ESPN: Every Meaningful Tiger Shot Will Be Covered At The Masters

Will use live cut-ins to keep tabs on golfer's play
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ESPN will not begin its full-boat, live Masters coverage earlier than the planned 4-7:30 p.m. window Thursday and Friday, so it will have to cover the majority of Tiger Woods' first two rounds at the Masters via hourly cut-ins throughout the day and recaps once it goes on the air at 4.

That is according to ESPN executives, speaking on a conference call Tuesday about their coverage of the event, which starts Wednesday with coverage of the par three tournament that proceeds the actual championship.

ESPN is covering the first two rounds before handing it off to CBS, though it will produce 3D coverage of all four rounds that is being distributed by Comcast. But ESPN will continue to cover it as a news story throughout the weekend.

Asked on the call whether ESPN had sought to expand its live coverage given the interest in Tiger, John Wildhack, ESPN EVP of programming and acquisitions, said he was comfortable with the 4-7:30 window, and pointed to the live cut-ins, which he said could be as long as 5-7 minutes. He also pointed out that ESPN would go live to the opening tee shot for Tiger on Thursday afternoon. "Every meaningful shot he hits will be shown in some capacity," said Wildhack.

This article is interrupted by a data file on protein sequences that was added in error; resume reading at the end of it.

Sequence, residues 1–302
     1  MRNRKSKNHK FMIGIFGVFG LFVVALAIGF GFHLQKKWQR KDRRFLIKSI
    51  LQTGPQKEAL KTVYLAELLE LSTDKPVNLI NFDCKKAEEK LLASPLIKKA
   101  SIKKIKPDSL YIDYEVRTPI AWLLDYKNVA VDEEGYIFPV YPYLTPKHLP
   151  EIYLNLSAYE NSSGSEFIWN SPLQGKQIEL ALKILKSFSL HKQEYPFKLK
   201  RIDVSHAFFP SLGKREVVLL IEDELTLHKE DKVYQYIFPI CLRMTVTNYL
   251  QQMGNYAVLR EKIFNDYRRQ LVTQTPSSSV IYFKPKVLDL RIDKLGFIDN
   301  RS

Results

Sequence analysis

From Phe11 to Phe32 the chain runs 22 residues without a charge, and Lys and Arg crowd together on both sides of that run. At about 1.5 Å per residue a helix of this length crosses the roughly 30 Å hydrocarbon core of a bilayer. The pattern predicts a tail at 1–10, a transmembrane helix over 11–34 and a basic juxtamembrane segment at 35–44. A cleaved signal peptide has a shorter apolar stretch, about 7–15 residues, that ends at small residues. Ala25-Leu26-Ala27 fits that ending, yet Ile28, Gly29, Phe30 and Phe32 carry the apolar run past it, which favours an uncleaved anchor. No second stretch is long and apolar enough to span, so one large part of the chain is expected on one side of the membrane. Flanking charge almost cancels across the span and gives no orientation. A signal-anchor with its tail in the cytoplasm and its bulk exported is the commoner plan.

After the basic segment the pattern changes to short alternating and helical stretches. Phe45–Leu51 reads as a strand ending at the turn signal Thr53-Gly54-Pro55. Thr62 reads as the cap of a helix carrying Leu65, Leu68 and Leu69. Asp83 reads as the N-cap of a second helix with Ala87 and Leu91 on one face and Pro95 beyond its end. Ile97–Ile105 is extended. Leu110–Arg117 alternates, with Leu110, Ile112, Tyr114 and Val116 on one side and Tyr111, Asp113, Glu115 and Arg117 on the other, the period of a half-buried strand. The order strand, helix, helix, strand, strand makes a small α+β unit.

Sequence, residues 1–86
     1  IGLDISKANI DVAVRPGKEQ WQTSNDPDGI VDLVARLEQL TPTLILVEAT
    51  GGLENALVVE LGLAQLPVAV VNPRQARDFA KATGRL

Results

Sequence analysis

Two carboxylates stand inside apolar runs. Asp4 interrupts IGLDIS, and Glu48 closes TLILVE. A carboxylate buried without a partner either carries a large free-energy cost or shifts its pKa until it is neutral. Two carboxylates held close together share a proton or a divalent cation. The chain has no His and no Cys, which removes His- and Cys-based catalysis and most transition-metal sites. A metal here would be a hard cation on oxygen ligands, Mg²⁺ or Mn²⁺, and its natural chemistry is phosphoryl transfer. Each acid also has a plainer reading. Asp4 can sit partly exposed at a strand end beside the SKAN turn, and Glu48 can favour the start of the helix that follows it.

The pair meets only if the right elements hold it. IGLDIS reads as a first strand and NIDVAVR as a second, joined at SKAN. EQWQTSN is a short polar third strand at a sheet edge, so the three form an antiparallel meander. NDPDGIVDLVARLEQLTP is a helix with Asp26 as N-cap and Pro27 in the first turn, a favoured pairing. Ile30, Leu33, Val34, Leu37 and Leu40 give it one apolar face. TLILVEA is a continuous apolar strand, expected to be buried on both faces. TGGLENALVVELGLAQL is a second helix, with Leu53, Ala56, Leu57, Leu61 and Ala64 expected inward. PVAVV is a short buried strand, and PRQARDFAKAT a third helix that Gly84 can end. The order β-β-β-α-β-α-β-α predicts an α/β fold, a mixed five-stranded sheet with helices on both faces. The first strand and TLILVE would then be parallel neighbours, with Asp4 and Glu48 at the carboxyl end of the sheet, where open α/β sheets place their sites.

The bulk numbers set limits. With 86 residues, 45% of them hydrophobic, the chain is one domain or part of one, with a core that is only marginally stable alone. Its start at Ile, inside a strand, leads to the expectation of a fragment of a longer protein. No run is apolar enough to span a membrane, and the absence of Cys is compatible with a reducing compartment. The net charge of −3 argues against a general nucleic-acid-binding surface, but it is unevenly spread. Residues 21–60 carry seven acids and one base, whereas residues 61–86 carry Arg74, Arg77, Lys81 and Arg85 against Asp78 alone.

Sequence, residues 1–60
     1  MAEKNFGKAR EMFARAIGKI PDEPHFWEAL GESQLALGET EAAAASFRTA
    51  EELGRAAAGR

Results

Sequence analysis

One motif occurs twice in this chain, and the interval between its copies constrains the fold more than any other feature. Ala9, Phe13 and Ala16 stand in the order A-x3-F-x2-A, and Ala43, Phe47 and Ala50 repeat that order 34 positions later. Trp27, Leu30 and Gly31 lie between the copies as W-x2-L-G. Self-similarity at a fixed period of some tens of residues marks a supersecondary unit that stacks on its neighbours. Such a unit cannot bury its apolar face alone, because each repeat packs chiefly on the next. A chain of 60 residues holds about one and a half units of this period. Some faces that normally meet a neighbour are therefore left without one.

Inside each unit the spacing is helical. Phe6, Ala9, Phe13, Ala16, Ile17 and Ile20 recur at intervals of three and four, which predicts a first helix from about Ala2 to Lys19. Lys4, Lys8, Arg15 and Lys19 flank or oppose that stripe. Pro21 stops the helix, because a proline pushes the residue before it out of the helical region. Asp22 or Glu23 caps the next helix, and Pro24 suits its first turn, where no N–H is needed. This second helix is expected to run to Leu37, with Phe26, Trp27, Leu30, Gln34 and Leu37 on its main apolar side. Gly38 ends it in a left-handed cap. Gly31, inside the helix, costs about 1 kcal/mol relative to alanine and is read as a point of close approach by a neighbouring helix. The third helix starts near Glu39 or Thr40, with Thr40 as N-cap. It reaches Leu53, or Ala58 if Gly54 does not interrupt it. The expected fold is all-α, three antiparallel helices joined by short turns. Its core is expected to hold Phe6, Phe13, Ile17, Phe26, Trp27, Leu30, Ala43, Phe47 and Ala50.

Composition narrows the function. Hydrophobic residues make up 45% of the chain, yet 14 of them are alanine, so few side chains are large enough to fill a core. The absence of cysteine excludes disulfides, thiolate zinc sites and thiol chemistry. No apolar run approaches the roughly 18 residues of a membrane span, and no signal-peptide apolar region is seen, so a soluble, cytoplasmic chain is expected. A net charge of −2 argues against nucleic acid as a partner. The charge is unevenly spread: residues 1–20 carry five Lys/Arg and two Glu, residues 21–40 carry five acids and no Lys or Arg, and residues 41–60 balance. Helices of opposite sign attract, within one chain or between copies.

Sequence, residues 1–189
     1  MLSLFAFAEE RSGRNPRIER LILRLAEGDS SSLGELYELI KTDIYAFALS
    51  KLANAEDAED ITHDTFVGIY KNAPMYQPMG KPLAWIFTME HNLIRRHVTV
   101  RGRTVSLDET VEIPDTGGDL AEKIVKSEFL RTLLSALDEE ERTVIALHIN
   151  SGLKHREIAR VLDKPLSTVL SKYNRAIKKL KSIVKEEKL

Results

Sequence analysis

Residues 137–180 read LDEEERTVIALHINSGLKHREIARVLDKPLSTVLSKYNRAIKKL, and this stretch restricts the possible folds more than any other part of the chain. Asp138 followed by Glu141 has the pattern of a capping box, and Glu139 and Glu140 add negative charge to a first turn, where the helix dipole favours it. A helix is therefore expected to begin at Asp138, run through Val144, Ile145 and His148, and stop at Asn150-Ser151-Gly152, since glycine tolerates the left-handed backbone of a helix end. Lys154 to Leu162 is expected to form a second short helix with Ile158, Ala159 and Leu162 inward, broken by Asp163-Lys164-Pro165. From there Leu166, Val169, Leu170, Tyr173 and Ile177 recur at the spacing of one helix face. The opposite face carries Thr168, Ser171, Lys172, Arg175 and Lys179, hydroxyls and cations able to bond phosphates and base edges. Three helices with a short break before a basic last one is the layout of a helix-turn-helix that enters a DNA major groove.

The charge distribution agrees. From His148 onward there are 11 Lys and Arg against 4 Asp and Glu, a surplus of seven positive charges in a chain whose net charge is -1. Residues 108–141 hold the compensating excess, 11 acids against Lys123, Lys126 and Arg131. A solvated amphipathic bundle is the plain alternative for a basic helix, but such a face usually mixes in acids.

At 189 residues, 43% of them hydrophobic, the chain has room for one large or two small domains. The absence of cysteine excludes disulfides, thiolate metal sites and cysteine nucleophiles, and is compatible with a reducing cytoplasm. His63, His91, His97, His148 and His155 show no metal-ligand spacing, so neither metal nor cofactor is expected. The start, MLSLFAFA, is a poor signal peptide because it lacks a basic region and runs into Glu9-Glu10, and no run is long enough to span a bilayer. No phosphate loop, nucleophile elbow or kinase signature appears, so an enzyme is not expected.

Don't look for ESPN commentators to spend a lot of time recapping Tiger's recent troubles in any detail.

Host Mike Tirico said that unless they have been living under a rock, viewers know what has happened and been talked about for months in every medium, adding that there would be plenty to talk about in what was going on in the golf tournament. Former major champion Curtis Strange did add that the issue of Tiger's four-month layoff from professional golf (following revelations of serial infidelity) would come up as it related to Tiger's play, saying it could not help but affect it.

Tiger's return to pro golf has become the back, side, and front story of the tournament, but Tirico says that may actually take the pressure off the other players, since they have all essentially been under the radar.

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